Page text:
By Jim Schutze
By Rachel Watts
By Lauren Drewes Daniels
By Anna Merlan
By Lee Escobedo
Halsell's books include Soul Sister, in which she describes her experiences after darkening her skin to live as a black woman in Mississippi; Bessie Yellowhair, pretty much the same thing--only this time as a Navajo; and The Illegals, in which she colored her skin to become a Mexican illegal immigrant and sneak into the United States (except she wasn't really illegal--but you know what we mean).
(Important Buzz credibility note: We are not joking here, nor is the above a script from a particularly tasteless Saturday Night Live skit.)
Like it says in the AWJ newsletter: "Her experiences of becoming someone other than herself--while remaining herself--are journeys within her lifelong odyssey of living free from barriers of gender, color, creed, and race."
To which Buzz can only reply, Did you say gender? Whoa. We figure that would take a little more, ah, personal modification than a few intensive days in a tanning parlor and a new 'do. But we have to admit, it would easily top Halsell's other chameleon stunts. If Grace decides to write about that particular transsexual odyssey, we'd like to suggest a book title: Butch Like Me: How I Learned to Leave the Toilet Seat Up.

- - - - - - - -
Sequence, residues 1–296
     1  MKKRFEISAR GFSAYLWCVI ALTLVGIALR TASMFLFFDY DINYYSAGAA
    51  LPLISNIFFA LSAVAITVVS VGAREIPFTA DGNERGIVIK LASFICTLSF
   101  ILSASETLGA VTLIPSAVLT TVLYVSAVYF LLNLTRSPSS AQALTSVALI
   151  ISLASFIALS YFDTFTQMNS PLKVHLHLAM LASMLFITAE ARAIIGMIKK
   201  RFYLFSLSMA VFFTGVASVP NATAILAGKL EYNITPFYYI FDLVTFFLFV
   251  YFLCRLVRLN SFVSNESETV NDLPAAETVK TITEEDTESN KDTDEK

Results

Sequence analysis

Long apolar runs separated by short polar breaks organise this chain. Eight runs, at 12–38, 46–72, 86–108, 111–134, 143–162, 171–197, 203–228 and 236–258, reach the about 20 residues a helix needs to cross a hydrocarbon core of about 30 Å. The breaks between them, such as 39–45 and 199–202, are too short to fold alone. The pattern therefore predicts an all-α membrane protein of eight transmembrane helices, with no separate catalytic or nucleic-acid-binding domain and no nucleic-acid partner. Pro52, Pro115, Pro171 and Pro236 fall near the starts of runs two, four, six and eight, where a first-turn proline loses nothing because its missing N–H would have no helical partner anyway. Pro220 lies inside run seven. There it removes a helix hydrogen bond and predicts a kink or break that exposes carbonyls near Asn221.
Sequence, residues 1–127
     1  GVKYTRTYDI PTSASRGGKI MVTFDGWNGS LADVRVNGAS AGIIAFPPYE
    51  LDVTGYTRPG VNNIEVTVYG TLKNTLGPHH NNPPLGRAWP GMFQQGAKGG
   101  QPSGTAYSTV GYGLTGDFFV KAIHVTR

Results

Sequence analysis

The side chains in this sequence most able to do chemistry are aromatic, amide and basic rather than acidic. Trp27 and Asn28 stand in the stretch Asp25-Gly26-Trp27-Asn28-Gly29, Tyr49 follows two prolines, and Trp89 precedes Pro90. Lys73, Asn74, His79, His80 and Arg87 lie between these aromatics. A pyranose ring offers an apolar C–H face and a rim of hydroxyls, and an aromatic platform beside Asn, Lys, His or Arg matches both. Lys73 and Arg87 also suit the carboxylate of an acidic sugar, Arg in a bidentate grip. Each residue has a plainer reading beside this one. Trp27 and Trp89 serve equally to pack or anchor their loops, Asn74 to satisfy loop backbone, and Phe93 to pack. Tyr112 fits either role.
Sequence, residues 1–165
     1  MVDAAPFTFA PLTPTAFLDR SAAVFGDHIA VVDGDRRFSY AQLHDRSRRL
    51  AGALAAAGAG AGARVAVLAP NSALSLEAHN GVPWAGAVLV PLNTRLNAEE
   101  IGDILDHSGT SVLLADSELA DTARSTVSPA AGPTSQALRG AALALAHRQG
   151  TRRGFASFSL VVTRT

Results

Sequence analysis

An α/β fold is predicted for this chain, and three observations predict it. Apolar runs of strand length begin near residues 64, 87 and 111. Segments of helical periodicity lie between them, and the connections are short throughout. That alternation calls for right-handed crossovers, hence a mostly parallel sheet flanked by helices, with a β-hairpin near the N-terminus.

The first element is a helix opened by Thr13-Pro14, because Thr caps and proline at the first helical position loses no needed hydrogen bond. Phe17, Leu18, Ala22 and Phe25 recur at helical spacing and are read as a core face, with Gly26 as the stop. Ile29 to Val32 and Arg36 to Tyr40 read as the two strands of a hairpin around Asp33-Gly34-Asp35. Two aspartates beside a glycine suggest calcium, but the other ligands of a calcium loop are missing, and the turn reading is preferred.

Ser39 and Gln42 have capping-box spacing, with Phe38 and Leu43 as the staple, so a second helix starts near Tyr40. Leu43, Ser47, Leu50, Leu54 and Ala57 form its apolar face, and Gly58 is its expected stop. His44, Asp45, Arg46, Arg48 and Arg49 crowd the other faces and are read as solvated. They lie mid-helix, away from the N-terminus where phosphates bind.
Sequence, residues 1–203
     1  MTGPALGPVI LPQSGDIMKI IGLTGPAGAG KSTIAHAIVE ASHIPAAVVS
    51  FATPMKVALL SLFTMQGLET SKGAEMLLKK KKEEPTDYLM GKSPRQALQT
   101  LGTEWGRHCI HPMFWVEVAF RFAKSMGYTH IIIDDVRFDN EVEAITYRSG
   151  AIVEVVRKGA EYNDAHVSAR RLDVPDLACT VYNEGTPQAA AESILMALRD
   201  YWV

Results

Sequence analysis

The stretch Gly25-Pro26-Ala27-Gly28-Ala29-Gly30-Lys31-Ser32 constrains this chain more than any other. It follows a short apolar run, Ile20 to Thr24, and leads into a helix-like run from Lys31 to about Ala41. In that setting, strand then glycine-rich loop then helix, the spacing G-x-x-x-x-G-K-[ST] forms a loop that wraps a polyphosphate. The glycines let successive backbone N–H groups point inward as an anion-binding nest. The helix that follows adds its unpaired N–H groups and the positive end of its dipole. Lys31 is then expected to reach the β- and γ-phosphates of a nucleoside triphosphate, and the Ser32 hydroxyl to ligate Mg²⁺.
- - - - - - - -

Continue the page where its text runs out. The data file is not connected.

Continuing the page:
A confused Buzz also noticed in the newsletter's thumbnail biographies of the AWJ board members that the majority of the women journalists made a point of noting who their husbands are and where they work. Gosh, aren't those the kind of patronizing, sexist references that make women politicians and newsmakers highly agitato and make Brenda Starr blush?
Winter in Bosnia is probably more frigid and bleak than a Dallas sports fan can imagine--think Green Bay with land mines and even more belligerent natives.
Now, imagine spending the Christmas holiday prancing around in freezing Tuzla in hot pants, a peek-a-boo blouse, and a cute vest for a windbreaker. Not a chestnut-warming picture.
Sometimes, you've got to wonder who's the toughest squad at Texas Stadium, the 'Boys or Dallas Cowboys Cheerleaders. This week, in what military types like to call a "vertical insertion of force," the Cowgals are being airlifted into several Bosnian bases to "spread Christmas joy" among U.S. peacekeepers.
According to the official USO dispatch, the cheerleaders will perform a variety show, sign autographs, and visit with homesick peacekeepers. (Something tells Buzz that homesickness is about to reach epidemic proportions in the Balkans.)
Though the tour is called "A touch of home," Buzz offers an important tip to lonely and excited peacekeepers: Don't touch!